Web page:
His mother and father, in particular, passed on to him the love for books, thanks to which he was able to realize the very serious climate crisis in progress. “I live in a small town, surrounded by the Andes, the houses all have a small piece of land where hens roll and yucca is grown. Just outside the center there are clearings, woods and streams, where many animal species live. I grew up observing them and I learned to love them. I started by defending their rights and then, slowly, reading and reflecting, I realized that it was not enough. Because there can be no life for them or us on a planet destroyed by global warming. Now I read everything but above all philosophy and physics, as well as social sciences. I'm interested in what happens and I can't stand injustice. " Among the readings of this little boy there is also the Laudato si 'by Pope Francis, a precious source of inspiration, together with the Poverello of Assisi, whom he considers a model. "He Pope Francis is right when he exhorts us to build an integral ecology, that is, an ecology that respects the environment and the people who live there. Guarding the common home means protecting my life, yours, everyone's. In the evening I say prayers with my mother and, each time, I thank God for the gift of living. It is the most precious thing we have. We are not just the future. We are on this planet now and we have a duty to protect it now. I have also read All Brothers, whose appeal to universal brotherhood is not limited to human beings, it includes every living creature. We often think that problems always concern others, confined to parts of the world too far away to touch us.

Covid has proven us wrong. An epidemic that broke out in China has spread everywhere. The same happens with climate change: it puts life at risk here in Latin America as in Europe or in the US, only more slowly ». To make his contribution to solving national and international problems, Francisco would like to take part in the elections one day and be elected president of Colombia. Even if he is not in a hurry. «First - he concludes - I would like to finish school and specialize in astrophysics. Then, we'll see what happens. "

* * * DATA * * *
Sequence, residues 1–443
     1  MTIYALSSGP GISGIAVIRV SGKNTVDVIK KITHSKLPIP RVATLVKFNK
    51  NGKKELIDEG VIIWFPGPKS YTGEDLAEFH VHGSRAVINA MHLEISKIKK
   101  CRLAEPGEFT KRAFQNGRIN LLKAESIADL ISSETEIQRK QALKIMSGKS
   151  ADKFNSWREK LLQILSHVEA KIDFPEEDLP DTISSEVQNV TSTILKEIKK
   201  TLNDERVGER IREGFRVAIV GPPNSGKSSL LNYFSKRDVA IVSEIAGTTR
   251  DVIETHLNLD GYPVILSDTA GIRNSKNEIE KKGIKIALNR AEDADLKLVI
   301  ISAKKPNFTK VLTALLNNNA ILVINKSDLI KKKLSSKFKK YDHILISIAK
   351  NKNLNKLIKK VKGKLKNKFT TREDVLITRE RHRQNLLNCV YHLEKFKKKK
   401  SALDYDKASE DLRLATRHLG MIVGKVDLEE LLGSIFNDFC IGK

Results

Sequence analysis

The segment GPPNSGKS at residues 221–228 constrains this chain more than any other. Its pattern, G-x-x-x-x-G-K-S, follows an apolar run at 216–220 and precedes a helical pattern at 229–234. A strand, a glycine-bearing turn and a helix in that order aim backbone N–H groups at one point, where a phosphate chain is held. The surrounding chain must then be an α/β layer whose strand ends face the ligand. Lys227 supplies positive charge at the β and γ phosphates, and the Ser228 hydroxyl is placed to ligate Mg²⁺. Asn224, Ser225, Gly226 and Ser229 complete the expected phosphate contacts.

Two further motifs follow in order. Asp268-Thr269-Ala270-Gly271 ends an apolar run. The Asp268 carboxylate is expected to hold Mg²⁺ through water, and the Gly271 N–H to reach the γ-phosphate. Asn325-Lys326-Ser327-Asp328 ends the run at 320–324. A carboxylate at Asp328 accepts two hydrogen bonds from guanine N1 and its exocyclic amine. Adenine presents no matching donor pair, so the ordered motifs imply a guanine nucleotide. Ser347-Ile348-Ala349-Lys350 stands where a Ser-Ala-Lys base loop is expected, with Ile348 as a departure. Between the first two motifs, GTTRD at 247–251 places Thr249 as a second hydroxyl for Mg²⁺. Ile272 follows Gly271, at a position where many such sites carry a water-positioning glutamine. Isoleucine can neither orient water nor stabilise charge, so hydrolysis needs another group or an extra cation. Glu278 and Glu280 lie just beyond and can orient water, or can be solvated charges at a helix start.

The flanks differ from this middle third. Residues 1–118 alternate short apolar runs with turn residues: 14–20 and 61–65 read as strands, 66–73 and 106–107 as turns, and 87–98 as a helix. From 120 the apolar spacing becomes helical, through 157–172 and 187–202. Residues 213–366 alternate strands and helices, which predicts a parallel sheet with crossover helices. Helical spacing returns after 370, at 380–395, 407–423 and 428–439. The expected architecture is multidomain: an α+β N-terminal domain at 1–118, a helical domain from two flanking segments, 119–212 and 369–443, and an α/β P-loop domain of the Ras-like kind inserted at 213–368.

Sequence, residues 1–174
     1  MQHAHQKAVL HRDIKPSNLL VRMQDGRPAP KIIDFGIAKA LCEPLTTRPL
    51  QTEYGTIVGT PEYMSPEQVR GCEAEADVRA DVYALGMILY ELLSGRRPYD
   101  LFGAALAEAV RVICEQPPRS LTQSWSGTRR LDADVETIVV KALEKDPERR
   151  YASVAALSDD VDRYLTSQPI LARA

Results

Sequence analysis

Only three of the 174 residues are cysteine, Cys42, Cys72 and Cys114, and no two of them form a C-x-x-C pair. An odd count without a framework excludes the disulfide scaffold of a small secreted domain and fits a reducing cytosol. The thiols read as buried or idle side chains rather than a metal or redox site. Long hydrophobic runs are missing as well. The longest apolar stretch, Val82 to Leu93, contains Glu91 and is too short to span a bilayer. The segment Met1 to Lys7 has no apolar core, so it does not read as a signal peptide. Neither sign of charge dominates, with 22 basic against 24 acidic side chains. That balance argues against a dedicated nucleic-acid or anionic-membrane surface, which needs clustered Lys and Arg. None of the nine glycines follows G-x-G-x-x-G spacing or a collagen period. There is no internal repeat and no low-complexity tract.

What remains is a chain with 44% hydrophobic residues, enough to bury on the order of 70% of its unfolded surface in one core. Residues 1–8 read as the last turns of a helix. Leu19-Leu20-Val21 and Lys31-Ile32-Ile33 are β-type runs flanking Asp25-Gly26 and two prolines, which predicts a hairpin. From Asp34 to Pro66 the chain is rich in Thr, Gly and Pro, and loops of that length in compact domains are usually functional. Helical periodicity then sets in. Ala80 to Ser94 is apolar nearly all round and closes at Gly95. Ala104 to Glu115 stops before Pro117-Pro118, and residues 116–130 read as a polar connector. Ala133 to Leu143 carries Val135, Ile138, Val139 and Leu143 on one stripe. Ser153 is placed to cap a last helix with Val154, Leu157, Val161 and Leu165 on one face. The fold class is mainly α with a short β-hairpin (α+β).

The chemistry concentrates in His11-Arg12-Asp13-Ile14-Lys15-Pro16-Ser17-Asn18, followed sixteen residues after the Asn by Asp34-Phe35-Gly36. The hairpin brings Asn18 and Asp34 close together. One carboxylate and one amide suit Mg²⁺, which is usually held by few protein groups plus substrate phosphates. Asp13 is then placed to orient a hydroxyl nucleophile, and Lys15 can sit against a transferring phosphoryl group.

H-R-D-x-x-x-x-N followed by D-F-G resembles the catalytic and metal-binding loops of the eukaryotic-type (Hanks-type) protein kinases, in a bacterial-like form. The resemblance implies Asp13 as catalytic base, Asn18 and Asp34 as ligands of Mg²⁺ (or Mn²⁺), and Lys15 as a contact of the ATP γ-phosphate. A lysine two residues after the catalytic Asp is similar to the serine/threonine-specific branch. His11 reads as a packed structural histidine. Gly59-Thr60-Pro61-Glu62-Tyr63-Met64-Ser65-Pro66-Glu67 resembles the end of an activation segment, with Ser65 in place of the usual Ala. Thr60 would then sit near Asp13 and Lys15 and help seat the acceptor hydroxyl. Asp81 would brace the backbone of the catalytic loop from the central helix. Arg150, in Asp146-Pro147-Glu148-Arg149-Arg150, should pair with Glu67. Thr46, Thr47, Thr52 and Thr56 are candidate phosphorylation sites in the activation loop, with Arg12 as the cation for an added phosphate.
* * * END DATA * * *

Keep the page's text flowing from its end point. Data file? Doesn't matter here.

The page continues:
A country without peace

Colombia has a very ancient history. The first human settlements date back to 4000 BC. Indigenous peoples come into contact with Europeans after the discovery of America by Christopher Columbus, the Spanish conquistadors largely use force to subdue and exploit them. Bogotà was founded in 1538, while African slaves began to arrive in the port of Cartagena de Indias. Between continuous uprisings and ferocious repressions we reach 1821, with Greater Colombia, including the territories of today's Colombia, Venezuela, Ecuador and Panama, which then become independent states. Modernity aggravates the conflicts between social strata, up to the civil war. A famous strike that caused the "masacre de las bananeras", 3 thousand dead, a crime also remembered by Gabriel García Márquez in One Hundred Years of Solitude. Decades of political alternation between liberals and conservatives followed, until the foundation in 1964 of the FARC - Revolutionary Armed Forces of Colombia - Army of the People, a guerrilla movement operating from 2008 to 2017, when they agreed to disarm themselves by handing over their weapons to the United Nations . However, a thousand dissidents remain who in 2019 announced the return to armed activity.


“I don't play a script written by my parents. They gave me the tools to understand. I am the one who chooses what and how to do it ».


NP Aprile 2021

Lucia Capuzzi